Aerial view of an electric vehicle speeding down a highway crossing throw an open field at sunset.

Modern electric vehicles (EVs) are chipping away at range anxiety, but long-distance trips still feel difficult to many considering a switch to electric. With better batteries and increased charging infrastructure, is it finally possible to take a real road trip in an electric car?

RELATED: How Far Can an Electric Car Go on One Charge?

What to Do When Planning an Electric Car Road Trip

If you want to drive cross-country in your EV, it will take a bit of planning beforehand. You’ll need to make sure you have access to charging infrastructure — and a backup plan if the ones you find don’t work out.

Find Charging Stations Before You Go

As travel publication Roadtrippers demonstrates in a short and sweet video on the topic, apps like ChargeHub and PlugShare will help you find stations along your trip route. Depending on how advanced your EV’s navigation system is, you can then make those stations stops on your route. Even Google Maps will tell you the most efficient route for traveling in an EV now.

Most of these apps also tell you if the charging station you’re looking at is out of order and have user-contributed photos. If you see that stations are down or people complain about the chargers being broken a lot in the comments, it might be best to pick another spot.

When plotting your route, it makes the most sense to pick areas where you’ll already be doing something else to stop and charge. Restaurants, shopping centers, and sometimes even places like gyms will let you plug in while you run a few errands or stock up on supplies. For quicker stops, look for DC fast charging (DCFC) stations. Tesla drivers have the Supercharger network, and non-Tesla vehicles can plug in it at level 3 DCFC stations. It’s very simple to filter by the level of charging station you want using the apps listed above.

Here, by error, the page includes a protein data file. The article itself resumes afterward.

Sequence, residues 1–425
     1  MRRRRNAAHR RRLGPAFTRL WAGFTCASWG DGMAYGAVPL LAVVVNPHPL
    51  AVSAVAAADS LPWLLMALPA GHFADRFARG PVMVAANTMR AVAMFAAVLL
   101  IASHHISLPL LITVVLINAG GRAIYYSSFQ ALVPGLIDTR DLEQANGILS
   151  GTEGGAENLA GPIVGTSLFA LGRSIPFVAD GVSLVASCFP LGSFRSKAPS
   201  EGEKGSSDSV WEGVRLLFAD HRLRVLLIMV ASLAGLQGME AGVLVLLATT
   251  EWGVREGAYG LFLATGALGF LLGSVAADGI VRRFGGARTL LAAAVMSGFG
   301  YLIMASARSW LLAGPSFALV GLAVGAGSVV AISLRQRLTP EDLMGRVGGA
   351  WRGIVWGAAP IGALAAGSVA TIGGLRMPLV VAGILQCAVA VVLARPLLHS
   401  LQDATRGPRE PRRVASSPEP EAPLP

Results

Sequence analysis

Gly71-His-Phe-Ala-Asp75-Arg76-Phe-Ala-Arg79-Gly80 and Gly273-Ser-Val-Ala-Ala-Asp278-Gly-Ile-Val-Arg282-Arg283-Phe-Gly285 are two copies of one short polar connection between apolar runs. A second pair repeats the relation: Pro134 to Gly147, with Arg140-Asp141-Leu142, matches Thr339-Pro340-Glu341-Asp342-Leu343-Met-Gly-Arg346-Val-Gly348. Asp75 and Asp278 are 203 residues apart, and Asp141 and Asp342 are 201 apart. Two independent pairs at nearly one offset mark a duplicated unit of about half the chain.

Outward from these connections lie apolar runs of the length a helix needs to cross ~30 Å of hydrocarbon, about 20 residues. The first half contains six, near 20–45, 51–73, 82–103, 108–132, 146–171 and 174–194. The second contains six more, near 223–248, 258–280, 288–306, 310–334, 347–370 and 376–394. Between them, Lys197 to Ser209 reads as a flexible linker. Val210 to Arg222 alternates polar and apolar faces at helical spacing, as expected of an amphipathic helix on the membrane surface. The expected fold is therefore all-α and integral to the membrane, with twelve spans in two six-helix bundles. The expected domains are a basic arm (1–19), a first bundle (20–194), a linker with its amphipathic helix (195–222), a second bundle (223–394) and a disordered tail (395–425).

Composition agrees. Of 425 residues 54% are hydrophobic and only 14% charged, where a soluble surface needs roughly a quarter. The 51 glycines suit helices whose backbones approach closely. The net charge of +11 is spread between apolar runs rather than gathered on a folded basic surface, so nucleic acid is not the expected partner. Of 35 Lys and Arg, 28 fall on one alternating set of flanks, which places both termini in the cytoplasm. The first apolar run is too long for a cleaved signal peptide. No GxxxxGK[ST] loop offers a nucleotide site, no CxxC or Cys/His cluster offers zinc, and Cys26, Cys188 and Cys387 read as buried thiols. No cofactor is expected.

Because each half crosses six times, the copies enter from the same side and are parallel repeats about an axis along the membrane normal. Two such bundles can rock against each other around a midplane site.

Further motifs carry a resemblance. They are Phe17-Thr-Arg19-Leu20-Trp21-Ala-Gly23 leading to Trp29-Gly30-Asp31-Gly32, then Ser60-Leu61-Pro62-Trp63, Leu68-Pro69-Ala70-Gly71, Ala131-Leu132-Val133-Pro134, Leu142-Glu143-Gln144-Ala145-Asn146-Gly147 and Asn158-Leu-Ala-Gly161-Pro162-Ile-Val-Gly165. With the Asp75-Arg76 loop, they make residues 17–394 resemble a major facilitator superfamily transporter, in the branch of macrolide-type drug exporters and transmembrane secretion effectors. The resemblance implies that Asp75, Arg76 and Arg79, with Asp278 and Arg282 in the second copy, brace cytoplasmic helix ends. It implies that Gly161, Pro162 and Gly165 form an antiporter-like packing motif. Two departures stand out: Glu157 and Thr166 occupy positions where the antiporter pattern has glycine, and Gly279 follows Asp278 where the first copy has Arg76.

If you’re stopping at hotels along the way, their websites should list charging stations as an amenity, so make sure you book a room with one on-site. To be extra careful you can double-check by calling the hotel and looking them up on your app of choice.

Want to camp instead? RV parks are your friend. They’ll be equipped with outlets that provide the same level of power as a level 2 charging station since heavier power is needed to run the big vehicles that usually stop at RV campgrounds. Nightly rates are also usually reasonable, cheaper than a hotel, and don’t limit how many hours you can charge. National parks like Yosemite often have charging stations in and around the park you can use to plug in while you hike or swim. (Check before you go, though, as it’s probably not true for every national park).

Whichever route you choose, avoid letting the battery get too low. 20-80% is usually the optimal range to keep an EV’s battery working in, so don’t let it dip down to 5% before you start looking for a station — you might end up getting towed to one.

Know Your Range

Of course, before doing any of that you need to be familiar with your EV’s range. Different models will have different capabilities, and knowing what yours is will help you build a buffer between charging stations so you can hit the next one before your battery gets too low.